WATERTOWN, Massachusetts (Reuters) - Thousands of firefighters from across the United States lined the streets of a Boston suburb on Wednesday to grieve for one of two firefighters who died battling a blaze in a downtown apartment building.
In front of St. Patrick’s Church in Watertown, where the funeral was held for Boston Fire Department Lieutenant Edward Walsh, a gigantic American flag hung from two ladder trucks assigned to local fire companies.
Walsh, 43, and Firefighter Michael Kennedy, 33, died on March 26 while fighting a fire in a four-story apartment house in Boston’s historic Back Bay neighborhood.
Seventeen firefighters were injured from among some 150 who responded. None of the tenants were hurt.
Firefighters from New York, Chicago and Miami joined the procession ahead of the funeral.
Brendan Gurry, a firefighter from Newark, New Jersey, said he and about nine others from his department had traveled 300 miles to attend the funeral.
“I would travel as far as my money would take me to show respect for someone who gave the ultimate sacrifice,” said Gurry, 32, who was born in Cambridge, Massachusetts, just outside Boston. “It’s an honor thing.”
As bagpipes played dolefully, a fire truck carried Walsh’s casket, draped in a Boston Fire Department flag, to and from the church. A line of uniformed firefighters, including one with a white bandage around much of his head, saluted as the body was carried into the church.
“This is what it’s all about,” said Bill Shute, retired chief of the Amesbury, Massachusetts, fire department as he looked at the firefighters gathered outside the church and lining the nearby streets. “We all live this every day. The good and the bad.”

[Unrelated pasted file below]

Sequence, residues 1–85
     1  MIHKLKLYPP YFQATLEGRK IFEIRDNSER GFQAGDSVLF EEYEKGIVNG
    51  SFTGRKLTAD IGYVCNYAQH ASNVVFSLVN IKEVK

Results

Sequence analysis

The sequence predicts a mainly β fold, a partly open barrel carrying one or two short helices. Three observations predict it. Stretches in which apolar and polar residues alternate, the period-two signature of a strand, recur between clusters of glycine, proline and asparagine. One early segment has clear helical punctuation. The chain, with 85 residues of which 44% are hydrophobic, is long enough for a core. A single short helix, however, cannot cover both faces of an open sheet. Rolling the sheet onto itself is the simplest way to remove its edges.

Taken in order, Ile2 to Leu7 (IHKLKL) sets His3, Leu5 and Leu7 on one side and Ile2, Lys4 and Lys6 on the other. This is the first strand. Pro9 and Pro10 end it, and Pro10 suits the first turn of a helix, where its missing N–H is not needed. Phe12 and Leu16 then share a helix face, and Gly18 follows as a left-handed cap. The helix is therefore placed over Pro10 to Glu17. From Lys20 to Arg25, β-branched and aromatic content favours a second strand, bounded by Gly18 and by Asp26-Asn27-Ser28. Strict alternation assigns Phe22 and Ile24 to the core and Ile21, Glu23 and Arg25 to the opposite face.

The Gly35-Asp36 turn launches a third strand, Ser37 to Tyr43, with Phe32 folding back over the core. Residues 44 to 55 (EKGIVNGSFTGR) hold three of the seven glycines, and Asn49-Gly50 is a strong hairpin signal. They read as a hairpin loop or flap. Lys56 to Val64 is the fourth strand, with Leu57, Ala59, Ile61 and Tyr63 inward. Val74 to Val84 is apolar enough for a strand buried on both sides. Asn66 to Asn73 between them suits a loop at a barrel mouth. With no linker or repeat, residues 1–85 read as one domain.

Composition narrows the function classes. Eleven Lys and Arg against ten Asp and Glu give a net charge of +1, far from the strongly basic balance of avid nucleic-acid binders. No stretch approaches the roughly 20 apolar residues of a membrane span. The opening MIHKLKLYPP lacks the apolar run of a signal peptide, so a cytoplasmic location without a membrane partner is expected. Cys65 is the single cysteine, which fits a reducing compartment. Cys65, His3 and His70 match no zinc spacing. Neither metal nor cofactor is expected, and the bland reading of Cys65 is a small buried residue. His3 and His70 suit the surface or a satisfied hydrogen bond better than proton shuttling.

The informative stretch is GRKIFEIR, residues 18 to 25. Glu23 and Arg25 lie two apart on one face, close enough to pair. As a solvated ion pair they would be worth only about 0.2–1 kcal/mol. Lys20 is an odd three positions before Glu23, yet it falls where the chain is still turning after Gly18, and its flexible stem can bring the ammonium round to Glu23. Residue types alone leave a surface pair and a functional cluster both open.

Boston Mayor Martin Walsh and the city’s Roman Catholic archbishop, Sean O‘Malley, joined other officials in addressing mourners inside the packed church.
“The entire community of firefighters who are present here today knew him as a leader, as a friend and as a brother,” the mayor said. “As a brave and experienced firefighter, Ed Walsh was a rock supporting all of our lives, whether we knew him or not.”
Aaron Dushku, 40, a Watertown councilor-at-large, said the turnout reflected how well Walsh was known in the community.
“It’s just recognition of a local son, a native son, a brave hero who died in the line of duty,” said Dushku, who attended high school with Walsh. “We’re a pretty tight community.”
Edward Walsh, who is survived by his wife and three children, will be buried next to his firefighter father.
Kennedy’s funeral is due to be held on Thursday at Holy Name Church in Boston’s West Roxbury neighborhood.
Writing by Scott Malone; Editing by Lisa Shumaker, Bernadette Baum, Toni Reinhold